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When I watched the episode of Glee that was a tribute to Cory Monteith, I was crying before the episode even started. Okay, I’m not helping to prove my point.
I’m really good at being optimistic. No, I mean really good. Maybe, too good. I have an extraordinary ability to look at the bright side. I compartmentalize things in my brain so that the unpleasant experiences are rarely remembered, and the positive occurrences are front and center.
I often tell my friends, ‘I don’t do sad.’ In fact, I make my friends read books and movies before me, because if it doesn’t have a happy ending, I’ll just skip the hassle altogether.
So what’s the problem, you ask? Glee was the problem. The episode memorializing Finn Hudson went against every grain in my body. The show that usually added song and dance to everyday life suddenly was indescribably sad. There was no happy ending. I couldn’t compartmentalize the heartache. I couldn’t pretend everything was going to be okay. In real life, he was dead.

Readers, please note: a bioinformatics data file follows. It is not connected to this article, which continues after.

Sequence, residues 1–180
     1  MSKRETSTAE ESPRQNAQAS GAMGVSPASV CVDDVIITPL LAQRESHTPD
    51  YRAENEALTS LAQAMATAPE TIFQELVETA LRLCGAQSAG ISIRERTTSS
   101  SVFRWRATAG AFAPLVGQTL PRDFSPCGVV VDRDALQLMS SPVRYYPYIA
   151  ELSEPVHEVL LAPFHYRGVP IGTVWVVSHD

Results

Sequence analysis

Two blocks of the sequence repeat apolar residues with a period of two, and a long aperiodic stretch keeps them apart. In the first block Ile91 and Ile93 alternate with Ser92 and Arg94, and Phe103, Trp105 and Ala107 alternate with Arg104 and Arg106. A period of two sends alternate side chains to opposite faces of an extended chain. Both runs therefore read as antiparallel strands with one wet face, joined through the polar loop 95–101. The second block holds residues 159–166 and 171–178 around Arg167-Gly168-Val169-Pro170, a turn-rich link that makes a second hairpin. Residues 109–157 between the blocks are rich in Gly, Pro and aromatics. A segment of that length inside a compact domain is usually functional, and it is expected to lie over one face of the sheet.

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As I read through my favorite novels, I realize many fatal flaws can be considered virtues. Some would argue Harry Potter’s fatal flaw is honor. His integrity and innate need to do the right thing ultimately causes him to die. However, the key point was that without accepting inevitable death to protect the one’s he loved, he wouldn’t have been able to survive the curse.
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Another example is Percy Jackson. His fatal flaw is loyalty. He would sacrifice the world to save someone he really cares about. Is that really a bad thing?